[By Craig Wilson]
The Universal Service and Access Fund was established to bankroll projects that ensure universal access to communications technology for all SA citizens. Instead, a large part of it — if not all of it — is being earmarked for keeping the public watching television when the country switches to digital broadcasts.
Over the next two years, government intends to phase out analogue broadcasts in favour of digital terrestrial television, freeing up valuable spectrum in the process that is ideally suited to providing connectivity to rural and other outlying and underserviced areas.
However, government also realises many South Africans won’t be able to afford the set-top boxes that will be needed to view the new television signals. Its proposed solution is to use the access fund to subsidise the set-top boxes. But is this the best use of the R1bn-plus sitting in the fund?
The bulk of the contributions to the fund have come from the telecommunications industry — not from broadcasters — so it seems bizarre that the money is going to be spent on keeping people watching television.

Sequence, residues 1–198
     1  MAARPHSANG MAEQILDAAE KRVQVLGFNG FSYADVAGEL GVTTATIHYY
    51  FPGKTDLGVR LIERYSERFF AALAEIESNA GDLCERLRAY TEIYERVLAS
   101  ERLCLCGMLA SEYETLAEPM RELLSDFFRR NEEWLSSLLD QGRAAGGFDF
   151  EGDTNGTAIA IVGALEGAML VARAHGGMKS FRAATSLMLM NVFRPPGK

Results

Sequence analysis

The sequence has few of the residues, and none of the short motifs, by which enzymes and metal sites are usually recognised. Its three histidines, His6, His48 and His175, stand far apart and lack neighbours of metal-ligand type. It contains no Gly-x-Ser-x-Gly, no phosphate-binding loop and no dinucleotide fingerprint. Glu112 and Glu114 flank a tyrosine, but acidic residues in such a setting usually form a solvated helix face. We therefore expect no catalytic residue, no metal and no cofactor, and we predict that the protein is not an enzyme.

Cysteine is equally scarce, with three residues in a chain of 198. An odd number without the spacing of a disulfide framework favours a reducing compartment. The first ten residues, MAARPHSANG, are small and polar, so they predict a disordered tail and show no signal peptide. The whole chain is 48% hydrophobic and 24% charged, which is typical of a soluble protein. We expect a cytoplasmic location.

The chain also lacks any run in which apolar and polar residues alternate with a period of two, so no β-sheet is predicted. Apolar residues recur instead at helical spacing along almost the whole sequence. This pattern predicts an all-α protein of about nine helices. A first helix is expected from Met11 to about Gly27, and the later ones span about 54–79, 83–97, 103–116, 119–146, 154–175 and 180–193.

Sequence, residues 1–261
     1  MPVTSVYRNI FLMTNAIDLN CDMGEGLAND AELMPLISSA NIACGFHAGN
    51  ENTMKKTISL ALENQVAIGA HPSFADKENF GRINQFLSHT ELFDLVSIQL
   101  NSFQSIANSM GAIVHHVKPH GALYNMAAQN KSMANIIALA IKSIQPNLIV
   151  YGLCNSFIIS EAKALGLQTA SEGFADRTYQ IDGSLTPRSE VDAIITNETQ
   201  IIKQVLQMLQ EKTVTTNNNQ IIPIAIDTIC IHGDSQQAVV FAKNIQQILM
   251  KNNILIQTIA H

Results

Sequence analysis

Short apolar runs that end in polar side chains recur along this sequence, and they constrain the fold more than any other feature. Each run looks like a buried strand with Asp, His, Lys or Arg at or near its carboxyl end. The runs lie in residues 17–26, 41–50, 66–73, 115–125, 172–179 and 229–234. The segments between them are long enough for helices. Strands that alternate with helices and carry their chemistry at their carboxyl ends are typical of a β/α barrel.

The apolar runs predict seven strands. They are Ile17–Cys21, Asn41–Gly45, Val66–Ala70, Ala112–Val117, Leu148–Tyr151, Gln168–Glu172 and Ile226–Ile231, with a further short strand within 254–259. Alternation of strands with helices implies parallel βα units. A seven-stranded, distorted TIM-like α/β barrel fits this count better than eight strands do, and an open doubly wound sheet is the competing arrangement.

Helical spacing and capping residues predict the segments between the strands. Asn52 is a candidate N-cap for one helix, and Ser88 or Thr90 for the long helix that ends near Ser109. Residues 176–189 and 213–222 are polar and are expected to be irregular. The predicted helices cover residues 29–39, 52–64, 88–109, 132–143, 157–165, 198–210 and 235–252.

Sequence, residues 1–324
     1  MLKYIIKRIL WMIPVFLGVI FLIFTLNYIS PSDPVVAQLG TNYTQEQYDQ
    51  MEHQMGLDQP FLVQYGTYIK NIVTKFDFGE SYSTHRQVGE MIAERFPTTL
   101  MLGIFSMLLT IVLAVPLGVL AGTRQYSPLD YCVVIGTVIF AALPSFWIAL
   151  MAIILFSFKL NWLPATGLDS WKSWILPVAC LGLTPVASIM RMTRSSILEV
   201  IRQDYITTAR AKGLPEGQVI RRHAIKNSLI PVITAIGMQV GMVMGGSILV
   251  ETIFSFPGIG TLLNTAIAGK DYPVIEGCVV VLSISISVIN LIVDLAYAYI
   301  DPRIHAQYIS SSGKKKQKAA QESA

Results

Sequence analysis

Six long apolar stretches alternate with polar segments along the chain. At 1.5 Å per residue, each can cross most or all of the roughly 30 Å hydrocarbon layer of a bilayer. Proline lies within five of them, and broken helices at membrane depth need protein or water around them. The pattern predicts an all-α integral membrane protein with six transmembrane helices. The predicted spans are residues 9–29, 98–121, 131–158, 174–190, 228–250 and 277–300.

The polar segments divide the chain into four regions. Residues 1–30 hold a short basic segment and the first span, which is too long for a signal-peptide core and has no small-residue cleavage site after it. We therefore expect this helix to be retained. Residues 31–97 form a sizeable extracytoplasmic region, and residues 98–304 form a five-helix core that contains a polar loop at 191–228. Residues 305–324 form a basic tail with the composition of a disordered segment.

Television preaches, it doesn’t engage, and although it may inform, it doesn’t encourage participation. Internet access, meanwhile, does all of the above and more. It’s no secret that connectivity in rural areas stinks, but it’s also true that just because an area has connectivity doesn’t mean people have the ability to harness it.
One of the stated objectives of the fund is “financing the construction or extension of electronic communications networks in underserviced areas”. A crucial part of that is getting both the connectivity and the necessary hardware to those areas.
There’s no doubt that Internet access does greater good for a community than the ability to watch soap operas, but there’s also the argument that the Internet provides an even greater array of entertainment than television.
Yes, most people would rather watch Isidingo on TV than, say, video podcasts of TED conferences on a computer. But Internet access can serve both groups equally well, and provide people with something TV doesn’t: choice.
The access fund should be used to set up computer centres and establish Internet access in needy communities. The Internet empowers people and boosts economic activity in ways television never will.
Spend the money on extending the Internet and computing to underserviced areas. It will serve the country better.